Importantly, it can also mean that it is easier to carry out valuable research to enable us to understand better about how hemp can change our lives.

The Farm Bill and CBD

This may all sound like exciting news – and it is – except that things aren’t so straight forward for CBD. Although the changes in the legality of hemp in the Farm Bill 2018 covers products made from hemp, the DEA at the moment has still classified CBD as illegal, and it hasn’t clarified whether this is going to change. In addition, the FDA (Food and Drug Administration) has still got it classified as a drug, meaning that in order for companies to put it into supplements or food, a producer must have their approval.

The FDA has, however, stated that they are keen to find a ‘regulatory framework’ to allow CBD products to be made and sold, acknowledging the potential that CBD products have both for customers and producers.

This means that CBD will still be illegal, federally, but under Section 12619, the Farm Bill states that as long as the production of cannabinoids is within the federal and state regulations (as well as other regulations) it can be legal. There are, of course, also separate laws with regards to legal and licensed medications such as Epidiolex.

The Implications of Legalising Hemp

This is where it gets really exciting. There are a number of implications to the passing of the 2018 Farm Bill and legalising hemp – not just for farmers and not just for CBD fans.

  •         Options for farmers – Hemp can be a valuable crop for crop rotation. It needs much less water compared to other common crops like corn and soya, doesn’t need particularly good soil and can grow in close proximity to itself – crowding out weeds. Hemp also aerates the soil, meaning that it is a serious option for farmers.
  •         Better research – The easier it is to get hold of hemp legally, the easier it will become to carry out research into hemp’s compounds and the plant as a whole. Whether it is about the medicinal benefits to its cannabinoids or its viability as a biofuel, the more research that can be done, the better.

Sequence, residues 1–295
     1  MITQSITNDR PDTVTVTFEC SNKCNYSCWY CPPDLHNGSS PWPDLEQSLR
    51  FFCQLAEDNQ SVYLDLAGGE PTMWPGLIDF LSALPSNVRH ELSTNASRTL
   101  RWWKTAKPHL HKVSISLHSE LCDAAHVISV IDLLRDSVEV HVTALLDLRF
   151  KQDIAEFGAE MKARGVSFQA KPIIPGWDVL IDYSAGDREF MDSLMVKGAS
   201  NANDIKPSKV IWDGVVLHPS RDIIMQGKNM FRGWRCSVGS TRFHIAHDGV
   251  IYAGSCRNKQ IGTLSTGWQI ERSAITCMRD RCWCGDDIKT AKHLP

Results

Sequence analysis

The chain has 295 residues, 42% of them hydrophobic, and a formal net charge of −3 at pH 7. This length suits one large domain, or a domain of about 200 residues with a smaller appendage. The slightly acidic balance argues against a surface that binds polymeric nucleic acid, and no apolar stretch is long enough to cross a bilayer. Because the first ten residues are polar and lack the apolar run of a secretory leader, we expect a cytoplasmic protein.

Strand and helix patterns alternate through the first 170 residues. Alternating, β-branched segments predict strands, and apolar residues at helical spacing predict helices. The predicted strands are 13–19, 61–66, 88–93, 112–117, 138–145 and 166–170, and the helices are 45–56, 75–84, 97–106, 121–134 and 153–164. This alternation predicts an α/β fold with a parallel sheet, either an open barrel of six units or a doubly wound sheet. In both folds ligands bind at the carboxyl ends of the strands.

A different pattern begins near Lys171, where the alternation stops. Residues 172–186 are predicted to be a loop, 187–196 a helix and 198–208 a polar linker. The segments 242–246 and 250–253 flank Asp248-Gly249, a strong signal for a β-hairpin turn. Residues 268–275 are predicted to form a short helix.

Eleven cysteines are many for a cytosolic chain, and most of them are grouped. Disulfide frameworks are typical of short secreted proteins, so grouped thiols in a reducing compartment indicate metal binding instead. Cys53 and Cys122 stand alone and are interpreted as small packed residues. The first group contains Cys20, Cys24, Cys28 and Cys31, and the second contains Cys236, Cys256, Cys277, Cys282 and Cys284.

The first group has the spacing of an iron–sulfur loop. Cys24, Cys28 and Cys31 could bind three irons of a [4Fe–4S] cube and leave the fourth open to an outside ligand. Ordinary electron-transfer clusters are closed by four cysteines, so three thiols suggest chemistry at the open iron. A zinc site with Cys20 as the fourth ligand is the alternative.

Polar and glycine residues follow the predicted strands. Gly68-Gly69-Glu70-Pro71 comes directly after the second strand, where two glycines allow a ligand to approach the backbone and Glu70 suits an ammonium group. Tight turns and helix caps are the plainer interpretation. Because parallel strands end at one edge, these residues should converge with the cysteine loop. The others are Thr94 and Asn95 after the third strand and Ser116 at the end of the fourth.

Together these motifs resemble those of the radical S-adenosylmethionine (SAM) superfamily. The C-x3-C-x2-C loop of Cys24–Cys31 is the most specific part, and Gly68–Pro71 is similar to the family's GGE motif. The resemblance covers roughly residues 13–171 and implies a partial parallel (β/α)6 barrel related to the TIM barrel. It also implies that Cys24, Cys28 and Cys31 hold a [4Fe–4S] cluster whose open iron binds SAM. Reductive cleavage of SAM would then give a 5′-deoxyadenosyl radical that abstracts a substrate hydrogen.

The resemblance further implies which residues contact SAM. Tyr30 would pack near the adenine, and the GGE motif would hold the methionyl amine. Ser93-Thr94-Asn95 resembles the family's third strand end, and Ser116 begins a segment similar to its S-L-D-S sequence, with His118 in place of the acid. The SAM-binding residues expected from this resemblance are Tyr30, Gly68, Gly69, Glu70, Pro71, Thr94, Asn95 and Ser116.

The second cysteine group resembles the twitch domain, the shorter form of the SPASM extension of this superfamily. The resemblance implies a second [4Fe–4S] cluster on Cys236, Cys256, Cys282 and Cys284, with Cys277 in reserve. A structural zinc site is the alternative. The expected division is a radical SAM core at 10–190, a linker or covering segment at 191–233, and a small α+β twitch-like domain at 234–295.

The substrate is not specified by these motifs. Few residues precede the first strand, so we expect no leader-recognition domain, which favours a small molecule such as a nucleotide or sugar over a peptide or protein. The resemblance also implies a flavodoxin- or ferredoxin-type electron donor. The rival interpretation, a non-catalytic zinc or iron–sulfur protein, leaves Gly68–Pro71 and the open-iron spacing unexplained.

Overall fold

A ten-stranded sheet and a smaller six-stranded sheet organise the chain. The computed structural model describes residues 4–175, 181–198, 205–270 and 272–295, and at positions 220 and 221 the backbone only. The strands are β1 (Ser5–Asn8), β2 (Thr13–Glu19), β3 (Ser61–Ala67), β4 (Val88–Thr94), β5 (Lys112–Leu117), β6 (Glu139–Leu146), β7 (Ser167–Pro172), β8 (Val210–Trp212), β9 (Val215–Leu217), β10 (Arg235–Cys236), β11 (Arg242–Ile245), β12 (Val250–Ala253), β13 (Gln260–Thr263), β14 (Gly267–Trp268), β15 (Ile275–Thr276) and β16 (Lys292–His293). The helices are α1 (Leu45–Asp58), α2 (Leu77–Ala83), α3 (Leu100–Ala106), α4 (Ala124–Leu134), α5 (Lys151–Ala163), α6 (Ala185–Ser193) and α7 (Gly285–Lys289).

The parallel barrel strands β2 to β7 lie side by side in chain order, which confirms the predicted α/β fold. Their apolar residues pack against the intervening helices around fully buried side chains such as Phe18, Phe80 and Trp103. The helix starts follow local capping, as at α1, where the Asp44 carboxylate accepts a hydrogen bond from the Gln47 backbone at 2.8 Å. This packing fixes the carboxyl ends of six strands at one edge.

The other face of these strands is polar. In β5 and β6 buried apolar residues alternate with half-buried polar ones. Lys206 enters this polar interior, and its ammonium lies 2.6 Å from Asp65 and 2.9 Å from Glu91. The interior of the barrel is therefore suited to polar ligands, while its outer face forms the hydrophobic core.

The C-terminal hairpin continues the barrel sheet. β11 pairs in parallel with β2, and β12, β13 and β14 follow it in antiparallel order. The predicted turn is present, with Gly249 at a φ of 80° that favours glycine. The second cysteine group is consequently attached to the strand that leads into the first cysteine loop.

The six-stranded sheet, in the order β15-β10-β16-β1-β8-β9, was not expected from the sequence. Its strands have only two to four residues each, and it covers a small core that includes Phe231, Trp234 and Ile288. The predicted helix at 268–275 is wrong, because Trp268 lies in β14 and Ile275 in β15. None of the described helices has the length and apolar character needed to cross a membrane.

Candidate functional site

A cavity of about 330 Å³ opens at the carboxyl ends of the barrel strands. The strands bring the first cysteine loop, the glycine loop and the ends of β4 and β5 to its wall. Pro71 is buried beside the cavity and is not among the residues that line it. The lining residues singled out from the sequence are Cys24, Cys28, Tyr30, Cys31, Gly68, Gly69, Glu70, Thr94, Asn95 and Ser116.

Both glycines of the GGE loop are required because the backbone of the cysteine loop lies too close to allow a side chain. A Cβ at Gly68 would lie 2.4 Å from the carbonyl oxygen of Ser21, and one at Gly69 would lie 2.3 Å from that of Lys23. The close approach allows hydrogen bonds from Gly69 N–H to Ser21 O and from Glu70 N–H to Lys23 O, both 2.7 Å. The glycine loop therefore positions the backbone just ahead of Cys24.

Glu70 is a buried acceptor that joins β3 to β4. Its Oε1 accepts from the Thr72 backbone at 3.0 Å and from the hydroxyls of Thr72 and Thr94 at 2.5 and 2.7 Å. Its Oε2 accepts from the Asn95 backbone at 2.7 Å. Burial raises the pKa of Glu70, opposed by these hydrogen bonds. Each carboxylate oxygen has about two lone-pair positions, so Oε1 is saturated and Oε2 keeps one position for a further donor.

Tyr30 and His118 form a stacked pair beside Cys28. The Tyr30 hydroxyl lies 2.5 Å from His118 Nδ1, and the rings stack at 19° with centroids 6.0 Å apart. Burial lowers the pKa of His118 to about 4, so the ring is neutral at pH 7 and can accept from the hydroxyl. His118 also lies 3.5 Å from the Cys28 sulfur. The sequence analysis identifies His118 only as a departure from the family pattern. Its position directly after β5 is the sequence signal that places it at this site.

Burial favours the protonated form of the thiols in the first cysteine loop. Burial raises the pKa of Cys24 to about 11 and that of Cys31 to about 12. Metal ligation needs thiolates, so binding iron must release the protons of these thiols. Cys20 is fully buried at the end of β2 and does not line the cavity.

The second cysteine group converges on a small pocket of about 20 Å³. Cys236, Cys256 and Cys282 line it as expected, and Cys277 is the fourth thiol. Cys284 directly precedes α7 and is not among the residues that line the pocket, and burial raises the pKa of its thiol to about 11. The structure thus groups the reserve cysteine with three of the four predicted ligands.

•         The US economy – The US tobacco farmers have suffered over the past few years with the decline in demand for tobacco, and with the Trump trade wars which are going on at the moment, US wheat, corn and soya bean farmers have been significantly affected. This has all been very damaging for the US economy. By giving farmers the option of hemp cultivation and increasing the amount of hemp that is produced – for whatever reason – and potentially exported, the legalisation of hemp could prove to be extremely beneficial to farmers and the US economy.
  •         Farmer protection – Farmers who produce hemp now have the same government protection and insurance as those who produce other crops. This means that they can be insured against losses as a result of climate disasters or forest fires for example.
  •         Attitudes – One of the major effects of the legalisation of hemp is that it is a big step forward in helping to break the taboo of ‘cannabis’ and help to change attitudes to the plant. By being deemed as ‘legal’ we will see a greater number of people seeing the plant in a positive light.

There is no doubt that the passing of the 2018 Farm Bill is having and is going to have a profound impact on both the hemp industry as a whole, as well as the CBD industry. Whether it is through changing attitudes and better research, allowing farmers to grow it, offering them better protection, or improving the economy, the implications of the legalisation of hemp can only be seen as a huge step in allowing the world to benefit from the properties of the cannabis plant.